The National Centre for Dance Therapy, together with CHUM’s Direction de la qualité, de la promotion de la santé et de l’expérience patient, are working to ascertain which groups are most likely to benefit from dance and movement therapy. “At CHUM we believe that opening the door to art is an excellent way to humanize health care,” declares Christian Paire, Chief Executive Officer of CHUM. “Which is why we are pleased to support this approach, whose aim is to better meet the overall needs of our patients, allowing them to act directly upon their own health.”

Discussions are underway with Canadian universities in order to establish the first graduate program in dance therapy in Canada. In the meantime, an agreement has been reached with the 92nd Street y – Harkness Dance Center in New York to offer a training program recognized by the American Dance Therapy Association (ADTA). The first group of graduate students will be recruited in Montreal beginning in September 2013 for a three-semester program starting in July 2014 and ending in the summer of 2015.

“The National Centre for Dance Therapy will raise our public profile, while conveying our values of openness, creativity, boldness and innovation,” enthuses Alain Dancyger, Executive Director of Les Grands Ballets Canadiens de Montréal. “With our broader vision, we hope to demonstrate that dance, owing to its beneficial effects on our well-being, is relevant in ways that go beyond culture.”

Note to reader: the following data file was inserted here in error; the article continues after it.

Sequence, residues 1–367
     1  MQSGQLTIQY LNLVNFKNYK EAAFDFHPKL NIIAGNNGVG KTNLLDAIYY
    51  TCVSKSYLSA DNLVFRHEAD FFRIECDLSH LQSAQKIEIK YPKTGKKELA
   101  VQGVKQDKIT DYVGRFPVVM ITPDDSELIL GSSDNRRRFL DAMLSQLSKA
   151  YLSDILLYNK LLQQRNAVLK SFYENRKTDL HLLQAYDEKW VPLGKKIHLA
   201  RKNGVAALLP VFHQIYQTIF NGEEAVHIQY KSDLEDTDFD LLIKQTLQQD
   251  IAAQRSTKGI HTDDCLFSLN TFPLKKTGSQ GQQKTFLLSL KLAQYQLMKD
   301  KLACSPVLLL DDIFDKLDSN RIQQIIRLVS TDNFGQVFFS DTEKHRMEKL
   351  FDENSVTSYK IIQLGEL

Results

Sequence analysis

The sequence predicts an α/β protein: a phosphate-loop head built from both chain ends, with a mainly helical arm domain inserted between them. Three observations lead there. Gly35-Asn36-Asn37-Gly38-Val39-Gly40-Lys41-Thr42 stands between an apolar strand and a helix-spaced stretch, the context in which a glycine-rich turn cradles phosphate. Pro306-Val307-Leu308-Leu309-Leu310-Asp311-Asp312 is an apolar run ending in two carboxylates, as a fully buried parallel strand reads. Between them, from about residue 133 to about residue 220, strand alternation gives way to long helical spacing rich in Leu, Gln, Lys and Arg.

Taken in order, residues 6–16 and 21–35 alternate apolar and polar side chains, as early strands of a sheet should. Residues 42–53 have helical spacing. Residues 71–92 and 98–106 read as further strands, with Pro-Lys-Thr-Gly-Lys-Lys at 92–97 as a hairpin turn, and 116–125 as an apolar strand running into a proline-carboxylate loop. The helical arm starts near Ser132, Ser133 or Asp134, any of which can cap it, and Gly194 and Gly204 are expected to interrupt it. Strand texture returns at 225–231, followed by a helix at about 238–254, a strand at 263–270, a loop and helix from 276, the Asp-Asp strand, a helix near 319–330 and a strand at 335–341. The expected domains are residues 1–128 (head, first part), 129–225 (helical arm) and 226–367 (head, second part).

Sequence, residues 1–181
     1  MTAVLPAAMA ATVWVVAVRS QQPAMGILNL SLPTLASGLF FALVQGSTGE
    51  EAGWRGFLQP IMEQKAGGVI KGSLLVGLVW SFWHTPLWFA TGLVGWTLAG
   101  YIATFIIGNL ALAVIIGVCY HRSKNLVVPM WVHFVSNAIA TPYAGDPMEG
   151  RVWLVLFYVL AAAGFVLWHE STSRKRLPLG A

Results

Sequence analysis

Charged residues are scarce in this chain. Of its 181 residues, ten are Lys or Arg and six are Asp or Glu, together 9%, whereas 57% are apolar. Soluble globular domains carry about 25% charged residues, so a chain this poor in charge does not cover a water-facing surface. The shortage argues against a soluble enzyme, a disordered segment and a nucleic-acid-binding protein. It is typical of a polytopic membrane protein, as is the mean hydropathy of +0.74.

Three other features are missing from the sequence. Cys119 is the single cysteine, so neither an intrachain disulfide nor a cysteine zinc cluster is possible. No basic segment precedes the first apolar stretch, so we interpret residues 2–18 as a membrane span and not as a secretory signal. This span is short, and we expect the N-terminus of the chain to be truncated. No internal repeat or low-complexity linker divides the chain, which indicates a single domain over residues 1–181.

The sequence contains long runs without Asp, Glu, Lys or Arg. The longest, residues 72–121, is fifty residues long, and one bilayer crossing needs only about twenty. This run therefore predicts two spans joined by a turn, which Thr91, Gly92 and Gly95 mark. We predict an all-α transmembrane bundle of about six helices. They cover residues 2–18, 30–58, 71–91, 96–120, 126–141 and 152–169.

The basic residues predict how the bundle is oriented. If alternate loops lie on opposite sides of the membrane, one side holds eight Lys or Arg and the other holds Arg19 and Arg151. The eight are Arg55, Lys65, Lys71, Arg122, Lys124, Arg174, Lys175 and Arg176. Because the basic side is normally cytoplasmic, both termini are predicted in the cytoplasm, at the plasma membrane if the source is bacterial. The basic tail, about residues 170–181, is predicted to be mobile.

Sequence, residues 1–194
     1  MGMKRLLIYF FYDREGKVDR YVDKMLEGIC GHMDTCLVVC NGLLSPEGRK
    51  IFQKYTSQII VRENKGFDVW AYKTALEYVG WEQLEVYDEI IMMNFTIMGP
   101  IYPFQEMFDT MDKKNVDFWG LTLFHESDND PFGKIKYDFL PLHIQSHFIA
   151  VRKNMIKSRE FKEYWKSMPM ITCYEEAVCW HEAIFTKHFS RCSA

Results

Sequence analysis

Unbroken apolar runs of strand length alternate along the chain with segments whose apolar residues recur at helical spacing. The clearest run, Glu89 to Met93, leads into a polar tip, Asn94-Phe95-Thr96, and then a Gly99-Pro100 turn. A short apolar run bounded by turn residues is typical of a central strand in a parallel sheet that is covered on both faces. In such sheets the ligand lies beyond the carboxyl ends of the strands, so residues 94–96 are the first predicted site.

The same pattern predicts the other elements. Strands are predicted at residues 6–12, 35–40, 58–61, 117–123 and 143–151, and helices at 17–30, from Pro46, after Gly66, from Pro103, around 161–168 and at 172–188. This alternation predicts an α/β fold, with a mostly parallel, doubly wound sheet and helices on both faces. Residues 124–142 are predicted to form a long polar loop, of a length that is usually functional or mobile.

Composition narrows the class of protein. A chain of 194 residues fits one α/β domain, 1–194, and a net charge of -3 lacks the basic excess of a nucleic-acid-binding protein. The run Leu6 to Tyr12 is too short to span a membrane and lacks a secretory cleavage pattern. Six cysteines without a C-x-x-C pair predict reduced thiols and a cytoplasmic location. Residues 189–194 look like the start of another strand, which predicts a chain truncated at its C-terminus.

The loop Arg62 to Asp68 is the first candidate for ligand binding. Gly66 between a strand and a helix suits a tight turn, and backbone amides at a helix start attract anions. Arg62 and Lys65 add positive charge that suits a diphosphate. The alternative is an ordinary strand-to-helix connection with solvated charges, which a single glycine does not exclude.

The launch of the National Centre for Dance Therapy will take place during the National Dance Week and the Québec Danse event. After 56 years of existence, Les Grands Ballets Canadiens de Montréal are beginning a new phase of their evolution, in which dance will both transform and celebrate the individual.

For information

Sheila Skaiem
Communications Manager
(514) 849-8681 ext. 239

About Les Grands Ballets Canadiens de Montréal
Since their  foundation  in  1957, Les Grands Ballets  Canadiens de Montréal  continue  to  enrich  Montréal  with  their programming that is contemporary and at the same time faithful to the spirit of classical ballet. Gradimir Pankov’s arrival as Artistic Director in 2000 further spurred Les Grands Ballets’ evolution as a company committed to creation and dedicated to contemporary ballet. Since then, the company has toured the United States, Middle East, Europe and Asia. Les Grands Ballets Canadiens de Montréal are a hothouse for new talent, embodying innovation and daring.  Praised by critics around the world, the company offers an alternative vision of the world through dance: one that is more emotional, theatrical, and exciting than ever.